Of course when the tide goes out we will see who really has no underwear on–it takes no genius to make money during bull markets or during the time of never ending falling interest rates. When stocks are falling and interest rates rising we will find out who really the ‘smart people’ are.

          1. Tim, I totally agree with you on (1) one has no one else to blame except oneself if the position failed to work. (2) I am equally nervous on inflation or rising interest rate SOMEDAY. I read a lot because my investment style continue to follow my mentor on business, i.e. ” a Ph.D. from Texas who was general manager of 400+ people with 33 direct reports, spending 12+ hour daily plus some weekend emergency lab work by himself”, who told me “don’t count the beans (money) , just make them.” Hence, I have so many different positions and never counted them or analyzed the percent allocation or performance of each. Therefore, SA would alert me some article on each. I started preferred stock investing after losing money following various newsletter (common stock) writers back in 2006, without knowing anything except bought some Credit Suisse preferred and then some Deutsche Bank trust preferreds. I still have very few common stocks except went big on SBUX (Starbucks coffee). Added more on PZE and got burned. From Rida, I own lots of ARCC (added more recently and have almost immediate unrealized loss with the spin off its UpJohn legacy subsidiary) and PEGI (Wind) and started new position on BEP (Brookfield Wind and Sun) and AY (Atlantica Wind and Sun). plus some EPD and ET (Energy Transfer), sold off all Rida’s awful MLP. Still held on Dynagas Preferred B shares plus TOO-E, fearful of Brookfield taking it private. Small legacy shares of Amtrust Financial and CBL-D and lots of Colony Financial preferreds. BTW, the market is extremely sensitive to the Trade War Fear. when I ate my late breakfast/lunch, CNBC all pointed out that the Dow immediately went 200 shares down when the president talked about his take on China. Schwab.com believes that it probably would end up neither there nor here sort of thing. Who knows? I just play the DRIP. Doug Le Du always says on Taper Fear, “what is the problem? You get the same dividends/interest regardless how the market values your holdings. You can get the dividends and buy more shares at lower price.” Of course, this could work UNLESS, the position becomes Ras Financials or many of the upstream MLP’s such as Vanguard Resources etc.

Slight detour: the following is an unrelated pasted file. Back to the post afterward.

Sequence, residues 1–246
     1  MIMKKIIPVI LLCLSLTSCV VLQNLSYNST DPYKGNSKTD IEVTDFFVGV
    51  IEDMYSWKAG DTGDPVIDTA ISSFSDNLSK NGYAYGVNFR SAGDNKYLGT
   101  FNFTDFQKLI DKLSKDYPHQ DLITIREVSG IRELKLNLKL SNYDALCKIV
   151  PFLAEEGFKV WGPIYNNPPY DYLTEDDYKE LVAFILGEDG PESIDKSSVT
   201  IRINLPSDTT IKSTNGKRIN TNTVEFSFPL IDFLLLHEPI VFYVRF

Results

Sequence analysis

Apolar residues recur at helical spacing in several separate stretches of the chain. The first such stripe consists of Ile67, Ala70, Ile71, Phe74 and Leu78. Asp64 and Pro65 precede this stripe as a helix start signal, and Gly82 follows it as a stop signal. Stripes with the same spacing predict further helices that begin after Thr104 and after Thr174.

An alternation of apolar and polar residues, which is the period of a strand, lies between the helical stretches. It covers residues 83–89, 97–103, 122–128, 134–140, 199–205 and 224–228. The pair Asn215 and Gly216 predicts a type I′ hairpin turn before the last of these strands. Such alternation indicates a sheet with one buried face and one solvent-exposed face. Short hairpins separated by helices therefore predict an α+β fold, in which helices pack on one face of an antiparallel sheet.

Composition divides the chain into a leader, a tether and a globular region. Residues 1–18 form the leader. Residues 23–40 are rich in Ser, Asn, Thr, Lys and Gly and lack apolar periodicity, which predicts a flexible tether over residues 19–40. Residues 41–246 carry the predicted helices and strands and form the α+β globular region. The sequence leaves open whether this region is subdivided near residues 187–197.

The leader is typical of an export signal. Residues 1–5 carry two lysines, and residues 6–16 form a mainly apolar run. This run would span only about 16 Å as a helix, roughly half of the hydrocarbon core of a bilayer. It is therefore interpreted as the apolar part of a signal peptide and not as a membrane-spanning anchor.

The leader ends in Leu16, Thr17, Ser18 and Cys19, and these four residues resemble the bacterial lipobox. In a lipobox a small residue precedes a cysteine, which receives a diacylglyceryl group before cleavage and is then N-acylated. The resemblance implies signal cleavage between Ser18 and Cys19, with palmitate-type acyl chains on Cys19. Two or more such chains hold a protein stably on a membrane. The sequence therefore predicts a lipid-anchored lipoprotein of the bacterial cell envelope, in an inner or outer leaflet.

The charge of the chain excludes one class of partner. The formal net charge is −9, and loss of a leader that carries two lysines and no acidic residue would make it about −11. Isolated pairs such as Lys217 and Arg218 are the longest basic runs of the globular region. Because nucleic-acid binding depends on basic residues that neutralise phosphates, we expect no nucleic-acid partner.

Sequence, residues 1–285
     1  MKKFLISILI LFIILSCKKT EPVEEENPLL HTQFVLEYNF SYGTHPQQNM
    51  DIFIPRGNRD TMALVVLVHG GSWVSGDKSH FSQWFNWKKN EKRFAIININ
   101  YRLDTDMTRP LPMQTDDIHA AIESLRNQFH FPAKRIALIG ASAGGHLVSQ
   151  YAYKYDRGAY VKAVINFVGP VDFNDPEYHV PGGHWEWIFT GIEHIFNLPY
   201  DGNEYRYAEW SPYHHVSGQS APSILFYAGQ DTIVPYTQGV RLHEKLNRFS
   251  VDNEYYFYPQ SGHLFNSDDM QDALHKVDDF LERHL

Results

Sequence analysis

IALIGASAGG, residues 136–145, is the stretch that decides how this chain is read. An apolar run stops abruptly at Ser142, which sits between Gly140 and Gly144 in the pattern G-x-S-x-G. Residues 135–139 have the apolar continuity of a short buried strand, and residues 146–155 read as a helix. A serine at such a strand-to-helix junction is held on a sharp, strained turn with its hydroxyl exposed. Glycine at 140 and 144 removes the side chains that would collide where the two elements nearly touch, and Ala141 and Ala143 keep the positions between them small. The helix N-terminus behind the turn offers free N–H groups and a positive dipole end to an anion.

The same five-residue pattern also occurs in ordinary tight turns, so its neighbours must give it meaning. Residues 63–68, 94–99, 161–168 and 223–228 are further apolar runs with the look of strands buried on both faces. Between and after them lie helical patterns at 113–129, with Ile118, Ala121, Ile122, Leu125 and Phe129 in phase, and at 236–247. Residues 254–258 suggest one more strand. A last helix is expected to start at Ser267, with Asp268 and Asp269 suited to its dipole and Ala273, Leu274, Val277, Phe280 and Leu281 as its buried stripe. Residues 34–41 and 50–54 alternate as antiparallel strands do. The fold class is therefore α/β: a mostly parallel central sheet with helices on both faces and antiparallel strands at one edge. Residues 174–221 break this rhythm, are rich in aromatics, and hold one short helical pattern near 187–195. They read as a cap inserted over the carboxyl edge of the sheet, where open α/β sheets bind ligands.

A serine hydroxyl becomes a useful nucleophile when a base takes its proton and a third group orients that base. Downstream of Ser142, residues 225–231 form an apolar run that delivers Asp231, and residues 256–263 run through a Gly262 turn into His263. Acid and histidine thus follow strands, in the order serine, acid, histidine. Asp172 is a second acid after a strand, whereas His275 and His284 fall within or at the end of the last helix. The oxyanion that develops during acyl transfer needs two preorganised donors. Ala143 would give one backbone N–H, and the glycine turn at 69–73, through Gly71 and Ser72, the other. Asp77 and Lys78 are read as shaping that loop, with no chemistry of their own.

1. Oh, CTL Century Link and its baby bonds (Qwest Corp; one of the same) seem to be rallying on news its Level 3 CEO Storey has redeemed another convertible bonds working on deleveraging. I have commons following Morningstar plus tons of positive (vs. equal number of negative) articles on SA. What works was my increasing portfolio for one of their intermediate bonds now trading above par getting some 6.7% still more than the liquid baby bonds. Still have quite a few baby bonds. Level 3 has problem with old tech, declining revenues but it does have lots of new tech including the 5 G. envied by its large competitors like AT and T and others.

  6. Hey, a 16 year-old just won $3.0 million playing FortNite. Plays 8 – 10 hours a day.

      1. 40 million participated in qualifiers leading up to World cup. Better chance of winning WSOP.